ST. PETERSBURG — Residents of Bayfront Tower, home to some of the city's wealthiest retirees, have no shortage of social amenities. There is a Monday night bridge club, joint trips to watch the Rays games and get-togethers whipped up on short notice.
Families throw wedding receptions on the 28th floor, or gather there to watch fireworks with unobstructed views from Hillsborough County to the gulf beaches. Many have lived there for decades.
Over the last 28 years, some got to know the gaunt man downstairs with a graying crew cut and blue uniform shirt, who greeted them cheerfully and without fail, a man who seemed to enjoy the camaraderie he found at work but never sought in his private life.
Valet Bob Kron parked cars after residents pulled into the tunnel by the lobby. He brought the cart out for groceries and accompanied residents to their floors.
He answered questions like, "How are you?" with a chipper, "Super-fantastic," but delivered directions thoroughly.
Residents only knew Mr. Kron in bits and pieces. They knew he lived alone. That he was proud of the electric scooter he drove to work. That he had no family.
"His job was his life," said lawyer Louie Adcock, a 20-year Bayfront Tower resident. "He really enjoyed the people, and he did everything he could to make people happy."
Mr. Kron's supervisor found Mr. Kron dead in his apartment Monday. He was 70. Authorities consider his death the result of natural causes.
The news has triggered shock and reminiscences. Elizabeth Hammer recalled the time Mr. Kron brought up music. "I guess he didn't care for the kind of music that was playing in my car," Hammer said. "He asked me if I liked Sarah Brightman. He said he had some old CDs that were gathering dust, and he wondered if I might like to have them."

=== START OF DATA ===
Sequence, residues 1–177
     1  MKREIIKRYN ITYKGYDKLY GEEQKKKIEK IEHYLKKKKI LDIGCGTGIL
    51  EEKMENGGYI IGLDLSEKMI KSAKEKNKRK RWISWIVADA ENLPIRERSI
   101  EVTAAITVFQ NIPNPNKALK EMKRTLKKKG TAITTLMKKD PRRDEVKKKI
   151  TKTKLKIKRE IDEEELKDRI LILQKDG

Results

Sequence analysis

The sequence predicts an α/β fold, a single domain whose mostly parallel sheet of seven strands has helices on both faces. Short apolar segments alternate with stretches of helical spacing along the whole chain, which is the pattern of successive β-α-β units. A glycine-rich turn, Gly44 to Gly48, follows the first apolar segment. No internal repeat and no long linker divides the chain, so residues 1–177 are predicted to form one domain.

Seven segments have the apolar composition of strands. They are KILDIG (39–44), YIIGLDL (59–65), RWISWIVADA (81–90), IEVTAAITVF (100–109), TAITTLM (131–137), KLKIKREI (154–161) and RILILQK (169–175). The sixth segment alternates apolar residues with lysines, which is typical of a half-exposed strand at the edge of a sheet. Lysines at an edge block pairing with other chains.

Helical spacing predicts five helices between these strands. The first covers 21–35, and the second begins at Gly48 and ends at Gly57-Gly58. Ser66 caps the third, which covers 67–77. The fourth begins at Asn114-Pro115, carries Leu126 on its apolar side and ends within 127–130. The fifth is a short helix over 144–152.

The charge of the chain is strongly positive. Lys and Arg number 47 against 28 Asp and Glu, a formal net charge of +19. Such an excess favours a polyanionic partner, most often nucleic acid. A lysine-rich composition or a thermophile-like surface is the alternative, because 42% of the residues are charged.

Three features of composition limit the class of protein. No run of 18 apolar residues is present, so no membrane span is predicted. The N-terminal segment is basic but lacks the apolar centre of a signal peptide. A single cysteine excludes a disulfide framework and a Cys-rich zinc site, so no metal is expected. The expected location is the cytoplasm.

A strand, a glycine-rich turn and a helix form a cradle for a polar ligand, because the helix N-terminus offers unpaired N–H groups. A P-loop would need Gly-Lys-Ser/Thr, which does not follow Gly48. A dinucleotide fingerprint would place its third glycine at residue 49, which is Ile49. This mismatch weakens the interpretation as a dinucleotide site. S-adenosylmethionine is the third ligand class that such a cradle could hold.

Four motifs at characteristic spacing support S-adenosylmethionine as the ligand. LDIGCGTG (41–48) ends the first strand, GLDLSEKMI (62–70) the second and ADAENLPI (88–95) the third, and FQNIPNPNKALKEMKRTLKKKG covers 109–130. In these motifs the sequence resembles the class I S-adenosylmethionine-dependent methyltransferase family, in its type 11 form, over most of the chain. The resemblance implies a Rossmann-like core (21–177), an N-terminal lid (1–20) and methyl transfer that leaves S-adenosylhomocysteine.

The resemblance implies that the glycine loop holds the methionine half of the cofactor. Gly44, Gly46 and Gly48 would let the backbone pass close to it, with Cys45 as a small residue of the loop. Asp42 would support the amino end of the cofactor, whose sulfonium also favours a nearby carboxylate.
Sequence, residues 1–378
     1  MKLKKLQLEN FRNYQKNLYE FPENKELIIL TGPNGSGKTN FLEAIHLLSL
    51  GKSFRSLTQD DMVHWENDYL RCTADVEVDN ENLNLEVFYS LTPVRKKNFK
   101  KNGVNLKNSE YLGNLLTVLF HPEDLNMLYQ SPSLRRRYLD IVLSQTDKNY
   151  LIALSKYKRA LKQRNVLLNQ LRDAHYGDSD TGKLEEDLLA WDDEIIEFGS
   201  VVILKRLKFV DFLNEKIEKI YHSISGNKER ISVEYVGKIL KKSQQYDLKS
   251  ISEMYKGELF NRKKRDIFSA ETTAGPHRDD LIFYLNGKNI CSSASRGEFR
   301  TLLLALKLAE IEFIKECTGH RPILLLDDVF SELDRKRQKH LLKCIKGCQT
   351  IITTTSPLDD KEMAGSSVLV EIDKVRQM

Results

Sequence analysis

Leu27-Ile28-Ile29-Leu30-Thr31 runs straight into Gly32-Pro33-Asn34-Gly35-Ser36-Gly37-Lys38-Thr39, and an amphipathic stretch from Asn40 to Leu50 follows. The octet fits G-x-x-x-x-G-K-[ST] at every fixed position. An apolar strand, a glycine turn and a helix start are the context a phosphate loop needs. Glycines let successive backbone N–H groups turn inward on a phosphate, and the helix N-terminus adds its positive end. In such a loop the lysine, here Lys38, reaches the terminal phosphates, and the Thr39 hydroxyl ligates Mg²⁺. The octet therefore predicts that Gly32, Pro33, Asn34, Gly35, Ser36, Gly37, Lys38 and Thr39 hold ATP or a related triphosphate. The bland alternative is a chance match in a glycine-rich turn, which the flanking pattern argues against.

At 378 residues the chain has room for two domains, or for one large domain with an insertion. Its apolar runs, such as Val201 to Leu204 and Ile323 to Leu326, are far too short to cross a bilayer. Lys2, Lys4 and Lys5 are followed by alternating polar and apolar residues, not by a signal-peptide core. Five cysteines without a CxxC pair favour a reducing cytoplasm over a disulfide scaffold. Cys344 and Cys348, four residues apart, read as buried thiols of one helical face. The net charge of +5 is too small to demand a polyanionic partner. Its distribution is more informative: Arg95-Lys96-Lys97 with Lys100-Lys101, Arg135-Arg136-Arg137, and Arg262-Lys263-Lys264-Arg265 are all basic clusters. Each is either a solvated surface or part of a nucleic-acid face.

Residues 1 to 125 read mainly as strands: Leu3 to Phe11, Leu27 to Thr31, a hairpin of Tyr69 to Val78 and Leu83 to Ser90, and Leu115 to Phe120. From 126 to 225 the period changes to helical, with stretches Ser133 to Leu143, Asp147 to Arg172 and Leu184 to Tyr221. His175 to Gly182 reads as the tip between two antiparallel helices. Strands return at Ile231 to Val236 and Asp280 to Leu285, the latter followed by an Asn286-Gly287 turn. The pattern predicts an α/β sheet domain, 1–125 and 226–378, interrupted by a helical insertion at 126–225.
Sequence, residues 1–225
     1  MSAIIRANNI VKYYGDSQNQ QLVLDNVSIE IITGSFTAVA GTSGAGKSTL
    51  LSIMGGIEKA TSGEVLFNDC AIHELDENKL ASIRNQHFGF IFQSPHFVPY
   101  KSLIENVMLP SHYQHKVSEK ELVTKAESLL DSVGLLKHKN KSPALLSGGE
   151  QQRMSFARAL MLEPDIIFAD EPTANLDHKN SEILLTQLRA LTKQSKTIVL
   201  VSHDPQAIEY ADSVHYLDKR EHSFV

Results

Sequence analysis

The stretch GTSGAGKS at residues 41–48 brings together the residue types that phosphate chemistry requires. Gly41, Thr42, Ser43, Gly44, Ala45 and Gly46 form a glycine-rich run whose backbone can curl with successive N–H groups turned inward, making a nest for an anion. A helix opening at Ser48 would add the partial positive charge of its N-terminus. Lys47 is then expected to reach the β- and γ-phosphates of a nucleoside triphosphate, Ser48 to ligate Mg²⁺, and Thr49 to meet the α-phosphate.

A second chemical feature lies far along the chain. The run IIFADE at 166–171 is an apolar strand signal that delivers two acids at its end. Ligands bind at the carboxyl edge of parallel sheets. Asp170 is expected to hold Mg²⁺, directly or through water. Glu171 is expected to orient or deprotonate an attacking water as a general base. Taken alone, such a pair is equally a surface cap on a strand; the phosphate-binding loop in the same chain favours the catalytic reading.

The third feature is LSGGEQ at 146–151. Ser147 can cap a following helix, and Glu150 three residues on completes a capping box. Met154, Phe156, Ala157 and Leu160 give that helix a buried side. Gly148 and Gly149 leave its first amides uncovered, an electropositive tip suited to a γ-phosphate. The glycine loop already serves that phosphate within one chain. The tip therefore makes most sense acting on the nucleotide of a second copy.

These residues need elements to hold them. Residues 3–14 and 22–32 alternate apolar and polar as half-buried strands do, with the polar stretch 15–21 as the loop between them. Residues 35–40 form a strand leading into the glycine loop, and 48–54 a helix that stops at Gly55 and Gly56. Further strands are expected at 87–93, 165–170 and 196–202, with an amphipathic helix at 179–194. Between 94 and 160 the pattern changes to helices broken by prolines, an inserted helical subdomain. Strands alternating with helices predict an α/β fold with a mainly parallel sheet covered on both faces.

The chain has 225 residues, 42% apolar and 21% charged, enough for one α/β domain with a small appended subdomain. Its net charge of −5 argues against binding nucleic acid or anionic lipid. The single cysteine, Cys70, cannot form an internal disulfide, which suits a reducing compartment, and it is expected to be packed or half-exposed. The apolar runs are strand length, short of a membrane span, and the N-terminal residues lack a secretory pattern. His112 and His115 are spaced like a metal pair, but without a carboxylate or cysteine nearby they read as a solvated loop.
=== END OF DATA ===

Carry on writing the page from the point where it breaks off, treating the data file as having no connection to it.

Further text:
Hammer, who was already a Brightman fan, has been playing them ever since.
Judith Bick, another resident, said she used to run into Mr. Kron at places like Mazarro's Italian Market or the Fresh Market, where they would talk gourmet cooking. "He was a lonely person," Bick said. "I believe in this building, the staff and residents were his family."
Edgar Gonzales, a valet for seven years and Mr. Kron's closest friend, said Mr. Kron used to show up even during his vacations to say hello.
"I'd say, 'Bob, why don't you go to the beach?' " Gonzales said.
He played computer games at home and became absorbed in multilevel marketing schemes.
"They told him he could become a millionaire," said Gonzales, who told Kron he was investing too much money in the companies.
He wore an anklet, telling Gonzales it was "to remember to be happy."
Mr. Kron told co-workers and residents he was born in 1940, in Latvia, and that his family had fled the Soviet-occupied country to Germany at the end of World War II. He told Gonzales they lived by a river and that it was beautiful, and also that he remembered bombs.
"He cried when he talked about it," Gonzales said.
Another resident, Emil Pavone, said he heard Mr. Kron once speaking rapidly in German. "He said, 'I came here from Germany when I was 11 years old,'" Pavone said.
"I didn't press him with further questions," Pavone said.
According to Gonzales, Mr. Kron settled with his parents in Cincinnati and grew up there. He drove a taxi before moving to St. Petersburg around 1982. He started at Bayfront Tower in January 1983.
"To be in this job for 28 years, you have to be doing something right," said Eddie Feliciano, Mr. Kron's supervisor.
On Aug. 27, after a week's vacation, Mr. Kron called Gonzales to say he was in pain. Gonzales went to Mr. Kron's apartment and found his co-worker disoriented. He called 911.
Mr. Kron signed a waiver saying he did not want to be taken to a hospital, said St. Petersburg Fire Rescue Lt. Joel Granata.
At about 2 p.m. Monday, a concerned Feliciano went to Mr. Kron's home, where he found Mr. Kron on the floor. Authorities pronounced him dead.
Staffers and residents will hold a memorial gathering Friday at Bayfront Tower, the one place he seemed to feel at home.
Andrew Meacham can be reached at firstname.lastname@example.org or (727) 892-2248.